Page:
US - One new case of H5N2 highly pathogenic avian influenza (HPAI) has been confirmed in the US, ending an eight-day hiatus of new detections.
The new case confirmed by the US Department of Agriculture's Animal and Plant Health Inspection Service is:
- Iowa, Wright county - 1,000,000 commercial layer chickens.
The newly confirmed outbreak brings the total number of detections in the US to 223, affecting 48,091,293 birds.
Iowa has now reached 75 detections in total, with 31,723,300 birds affected.
Iowa's Department of Agriculture and Land Stewardship has also announced that depopulation has been completed of birds impacted by avian influenza at previously announced sites in the state.
A total of 35 turkey flocks with 1.14 million birds have had confirmed cases of the disease and have been depopulated and are currently being composted. Once composting is completed the facilities will be cleaned and disinfected. Environmental samplings of all sites will take place to confirm successful cleaning and disinfecting before restocking.
Depopulation of the previously announced commercial laying and pullet facilities was finished this past weekend. Iowa has had 35 previously announced laying and pullet facilities with 31.56 million birds that have had confirmed cases of the disease and have been depopulated.
Disposal of affected birds is ongoing. Composting, burial, incineration and landfills are all being used. Over 650 bio-secure boxes have been disposed via incineration or at one of the two currently approved landfills. Approximately 400 of the bio-secure boxes are still in need of disposal.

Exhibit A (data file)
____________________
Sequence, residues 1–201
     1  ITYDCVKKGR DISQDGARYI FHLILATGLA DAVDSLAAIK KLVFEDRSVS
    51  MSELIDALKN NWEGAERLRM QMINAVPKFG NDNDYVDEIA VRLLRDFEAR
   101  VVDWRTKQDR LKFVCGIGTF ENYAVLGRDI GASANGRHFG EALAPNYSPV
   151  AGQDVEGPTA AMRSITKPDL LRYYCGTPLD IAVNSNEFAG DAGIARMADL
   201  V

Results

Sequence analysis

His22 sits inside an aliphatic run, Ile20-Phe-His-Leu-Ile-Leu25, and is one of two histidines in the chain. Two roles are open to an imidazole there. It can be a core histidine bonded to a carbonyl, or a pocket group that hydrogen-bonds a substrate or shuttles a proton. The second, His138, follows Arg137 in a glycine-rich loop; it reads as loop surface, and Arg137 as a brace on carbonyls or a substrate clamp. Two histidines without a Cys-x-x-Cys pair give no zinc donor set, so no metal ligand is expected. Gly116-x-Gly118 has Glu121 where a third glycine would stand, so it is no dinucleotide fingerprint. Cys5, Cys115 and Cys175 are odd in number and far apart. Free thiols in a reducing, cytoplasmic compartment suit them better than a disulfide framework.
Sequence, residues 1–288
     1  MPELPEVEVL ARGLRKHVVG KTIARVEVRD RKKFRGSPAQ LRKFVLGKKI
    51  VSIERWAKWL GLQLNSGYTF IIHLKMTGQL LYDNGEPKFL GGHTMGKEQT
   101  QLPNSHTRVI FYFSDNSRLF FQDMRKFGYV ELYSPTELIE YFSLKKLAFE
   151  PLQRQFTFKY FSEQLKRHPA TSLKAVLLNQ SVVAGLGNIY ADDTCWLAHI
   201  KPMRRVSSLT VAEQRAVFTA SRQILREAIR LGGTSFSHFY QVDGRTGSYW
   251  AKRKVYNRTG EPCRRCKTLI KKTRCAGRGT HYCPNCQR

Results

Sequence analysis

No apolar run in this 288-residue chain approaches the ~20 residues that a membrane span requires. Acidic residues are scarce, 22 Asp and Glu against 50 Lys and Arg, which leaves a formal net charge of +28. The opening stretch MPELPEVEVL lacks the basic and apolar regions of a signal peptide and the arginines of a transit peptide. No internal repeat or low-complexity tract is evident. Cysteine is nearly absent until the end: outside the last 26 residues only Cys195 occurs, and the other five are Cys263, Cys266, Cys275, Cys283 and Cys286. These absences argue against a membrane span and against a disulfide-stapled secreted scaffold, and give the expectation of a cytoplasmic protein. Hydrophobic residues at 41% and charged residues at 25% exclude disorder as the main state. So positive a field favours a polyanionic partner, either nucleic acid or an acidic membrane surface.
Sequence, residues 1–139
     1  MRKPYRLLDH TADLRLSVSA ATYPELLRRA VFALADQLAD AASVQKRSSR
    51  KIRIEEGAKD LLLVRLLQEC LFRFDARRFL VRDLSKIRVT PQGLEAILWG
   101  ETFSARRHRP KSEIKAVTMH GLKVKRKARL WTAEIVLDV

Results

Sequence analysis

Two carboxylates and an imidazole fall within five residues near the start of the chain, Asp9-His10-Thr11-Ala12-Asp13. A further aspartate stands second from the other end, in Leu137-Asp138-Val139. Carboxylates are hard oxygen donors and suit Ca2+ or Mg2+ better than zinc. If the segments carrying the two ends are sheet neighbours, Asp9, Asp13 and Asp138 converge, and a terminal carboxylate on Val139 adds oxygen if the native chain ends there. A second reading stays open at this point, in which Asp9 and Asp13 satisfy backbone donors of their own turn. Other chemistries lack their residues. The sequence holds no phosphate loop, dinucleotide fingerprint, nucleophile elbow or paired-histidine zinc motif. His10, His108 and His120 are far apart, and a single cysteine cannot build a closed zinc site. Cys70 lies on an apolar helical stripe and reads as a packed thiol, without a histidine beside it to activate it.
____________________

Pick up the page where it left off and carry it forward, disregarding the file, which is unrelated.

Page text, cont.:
A USDA contractor is moving the materials and has 70 trucks in the state available to assist in the disposal. All trucks are cleaned and disinfected before the leave an infected premise and before leaving a disposal site.
In addition, six backyard flocks in the state with 4,679 birds have had confirmed cases of the disease and have been depopulated.
In Nebraska, one new unconfirmed case of HPAI has been announced this week. The flock, in Dixon county, was already being depopulated as it was epidemiologically connected with the other confirmed infected flocks in the county.
Another flock in Dixon county continues to test negative for the virus, but as that flock also has epidemiological connections to confirmed positive flocks, the producer has chosen to voluntarily depopulate these birds in an effort to contain the spread of the virus within their operations.
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